"I am waiting for the war to be fought which will make the world safe for anarchy"
In fiction, Coney Island has always represented the underworld that is required for capitalism to thrive.
|Joseph Marhee||Oct 20, 2020|
In the historical non-fiction text The Ghost Map by Steven Johnson, the story of an entire underground economy—secondary to, but required by the so-called “legitimate” economy- of workers trading in, literally, human shit. This is a story so foundational to any complete understanding of modernity in London, and of Europe more broadly, that the sewer, and perhaps the larger truth it tells about wealth disparity as metaphor for the underworld in fiction such as in Les Miserables, that it, of course, rears its head as a trope in American fiction, with the added horrors of western imperialist-infused capitalism that skewed fascistic at the end of the 20th century.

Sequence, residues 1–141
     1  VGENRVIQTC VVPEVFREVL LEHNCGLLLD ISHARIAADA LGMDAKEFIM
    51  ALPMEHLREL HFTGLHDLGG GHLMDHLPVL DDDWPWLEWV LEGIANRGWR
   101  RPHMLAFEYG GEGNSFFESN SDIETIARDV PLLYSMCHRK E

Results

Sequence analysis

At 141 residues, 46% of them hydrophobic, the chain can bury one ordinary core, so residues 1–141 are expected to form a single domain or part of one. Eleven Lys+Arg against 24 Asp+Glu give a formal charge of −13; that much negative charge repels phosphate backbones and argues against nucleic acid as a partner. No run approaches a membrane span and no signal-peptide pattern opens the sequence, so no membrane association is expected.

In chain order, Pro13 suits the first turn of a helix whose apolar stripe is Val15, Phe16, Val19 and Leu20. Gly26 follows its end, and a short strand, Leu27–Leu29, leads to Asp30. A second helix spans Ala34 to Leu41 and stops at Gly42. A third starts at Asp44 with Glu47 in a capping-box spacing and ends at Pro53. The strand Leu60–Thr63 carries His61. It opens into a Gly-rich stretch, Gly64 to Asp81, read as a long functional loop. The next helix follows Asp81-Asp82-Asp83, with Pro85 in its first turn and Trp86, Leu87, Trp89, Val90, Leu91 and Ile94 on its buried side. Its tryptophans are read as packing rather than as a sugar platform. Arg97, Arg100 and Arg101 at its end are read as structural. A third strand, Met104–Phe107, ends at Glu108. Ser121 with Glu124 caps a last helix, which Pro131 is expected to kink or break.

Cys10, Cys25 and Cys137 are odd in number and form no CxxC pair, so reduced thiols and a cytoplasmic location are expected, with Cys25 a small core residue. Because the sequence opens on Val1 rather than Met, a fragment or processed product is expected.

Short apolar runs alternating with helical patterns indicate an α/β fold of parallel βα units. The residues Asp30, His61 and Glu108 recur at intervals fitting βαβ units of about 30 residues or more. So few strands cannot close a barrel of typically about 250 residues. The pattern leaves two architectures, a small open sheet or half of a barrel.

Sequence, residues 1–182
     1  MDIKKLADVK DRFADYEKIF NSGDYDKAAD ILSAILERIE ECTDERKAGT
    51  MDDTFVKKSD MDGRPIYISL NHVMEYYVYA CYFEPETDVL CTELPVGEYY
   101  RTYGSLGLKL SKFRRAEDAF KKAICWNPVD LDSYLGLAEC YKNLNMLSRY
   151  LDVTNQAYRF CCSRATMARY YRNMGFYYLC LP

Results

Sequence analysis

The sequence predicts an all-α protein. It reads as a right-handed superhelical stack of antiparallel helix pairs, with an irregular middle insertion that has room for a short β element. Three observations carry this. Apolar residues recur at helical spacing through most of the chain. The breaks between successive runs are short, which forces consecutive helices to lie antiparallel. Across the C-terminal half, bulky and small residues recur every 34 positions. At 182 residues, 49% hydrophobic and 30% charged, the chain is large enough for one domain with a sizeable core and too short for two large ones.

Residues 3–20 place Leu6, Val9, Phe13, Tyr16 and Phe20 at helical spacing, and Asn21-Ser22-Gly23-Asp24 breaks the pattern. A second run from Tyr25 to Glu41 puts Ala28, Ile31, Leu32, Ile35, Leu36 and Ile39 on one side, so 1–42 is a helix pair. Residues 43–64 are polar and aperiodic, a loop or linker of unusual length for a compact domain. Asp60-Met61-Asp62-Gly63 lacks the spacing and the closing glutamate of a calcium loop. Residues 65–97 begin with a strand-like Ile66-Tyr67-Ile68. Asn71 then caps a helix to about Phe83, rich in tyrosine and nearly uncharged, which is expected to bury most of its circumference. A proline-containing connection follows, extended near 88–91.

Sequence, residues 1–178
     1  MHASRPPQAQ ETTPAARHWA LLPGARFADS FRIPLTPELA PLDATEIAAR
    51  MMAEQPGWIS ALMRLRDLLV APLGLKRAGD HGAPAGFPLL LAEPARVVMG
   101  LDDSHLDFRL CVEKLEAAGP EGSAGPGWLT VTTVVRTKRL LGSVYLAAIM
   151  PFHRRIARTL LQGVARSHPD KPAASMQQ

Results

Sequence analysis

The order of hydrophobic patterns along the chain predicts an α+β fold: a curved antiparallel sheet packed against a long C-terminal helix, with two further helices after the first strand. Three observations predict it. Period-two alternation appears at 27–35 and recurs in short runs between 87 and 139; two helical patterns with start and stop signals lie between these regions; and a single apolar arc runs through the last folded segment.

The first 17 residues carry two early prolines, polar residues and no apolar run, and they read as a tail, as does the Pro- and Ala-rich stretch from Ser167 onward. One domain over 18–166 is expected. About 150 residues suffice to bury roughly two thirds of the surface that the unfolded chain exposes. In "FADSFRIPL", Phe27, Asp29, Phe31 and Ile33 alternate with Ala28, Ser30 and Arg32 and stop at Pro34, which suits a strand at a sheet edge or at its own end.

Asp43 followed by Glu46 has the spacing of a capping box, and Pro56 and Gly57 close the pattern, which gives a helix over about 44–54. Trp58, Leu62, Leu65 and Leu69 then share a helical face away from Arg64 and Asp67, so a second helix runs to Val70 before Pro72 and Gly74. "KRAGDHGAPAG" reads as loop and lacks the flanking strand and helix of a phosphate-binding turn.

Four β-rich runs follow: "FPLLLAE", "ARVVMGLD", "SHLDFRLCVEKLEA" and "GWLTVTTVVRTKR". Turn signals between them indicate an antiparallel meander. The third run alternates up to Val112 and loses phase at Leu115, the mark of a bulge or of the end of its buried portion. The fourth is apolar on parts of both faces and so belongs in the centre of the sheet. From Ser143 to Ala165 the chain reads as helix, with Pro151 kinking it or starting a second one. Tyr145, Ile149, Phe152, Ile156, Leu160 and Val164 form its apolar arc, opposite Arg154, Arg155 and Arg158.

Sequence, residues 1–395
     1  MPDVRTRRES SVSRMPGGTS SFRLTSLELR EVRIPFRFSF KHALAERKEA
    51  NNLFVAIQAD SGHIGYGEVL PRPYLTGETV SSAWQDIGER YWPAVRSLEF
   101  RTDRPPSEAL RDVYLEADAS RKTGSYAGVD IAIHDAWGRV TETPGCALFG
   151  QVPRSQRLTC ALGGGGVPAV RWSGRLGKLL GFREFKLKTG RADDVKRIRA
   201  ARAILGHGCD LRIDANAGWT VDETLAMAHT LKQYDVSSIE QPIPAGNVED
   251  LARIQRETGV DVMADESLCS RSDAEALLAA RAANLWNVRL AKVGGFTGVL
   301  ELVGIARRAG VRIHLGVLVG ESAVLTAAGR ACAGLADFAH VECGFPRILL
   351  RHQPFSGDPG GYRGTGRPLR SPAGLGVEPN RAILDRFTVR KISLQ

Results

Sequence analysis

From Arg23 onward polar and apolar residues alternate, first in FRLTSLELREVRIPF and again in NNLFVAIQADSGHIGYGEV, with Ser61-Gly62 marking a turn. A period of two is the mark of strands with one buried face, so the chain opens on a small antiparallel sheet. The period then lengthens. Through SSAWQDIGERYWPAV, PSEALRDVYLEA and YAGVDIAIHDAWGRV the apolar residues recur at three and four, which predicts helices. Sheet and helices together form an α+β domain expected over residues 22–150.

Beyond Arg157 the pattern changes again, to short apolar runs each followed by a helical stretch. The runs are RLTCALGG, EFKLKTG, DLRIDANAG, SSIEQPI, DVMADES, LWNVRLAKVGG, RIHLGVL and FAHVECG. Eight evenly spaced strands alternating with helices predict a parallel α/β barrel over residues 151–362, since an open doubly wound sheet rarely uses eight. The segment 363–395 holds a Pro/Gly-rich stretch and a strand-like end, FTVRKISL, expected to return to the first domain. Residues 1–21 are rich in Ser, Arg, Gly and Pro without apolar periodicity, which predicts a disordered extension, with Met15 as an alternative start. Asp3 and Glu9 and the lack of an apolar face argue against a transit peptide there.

In the American cultural imagination, for whatever reason, but despite multiple waves of revival, Coney Island (and the popular imagery of the boardwalk) persists from the 50’s through the modern era as a metaphor for ex-urban decay, and in the context of New York City, the last little bit of civilization before hitting the seas for the Old World. One such revitalization was attempted by Robert Moses, the “master builder” of New York, who is quoted in Robert Caro’s The Power Broker, “You can draw any kind of picture you want on a clean slate and indulge your every whim in the wilderness in laying out a New Delhi, Canberra, or Brasilia, but when you operate in an overbuilt metropolis, you have to hack your way with a meat ax.” and it is as good a metaphor for how Coney Island is portrayed in fiction in the latter half of the century and into the new millennium.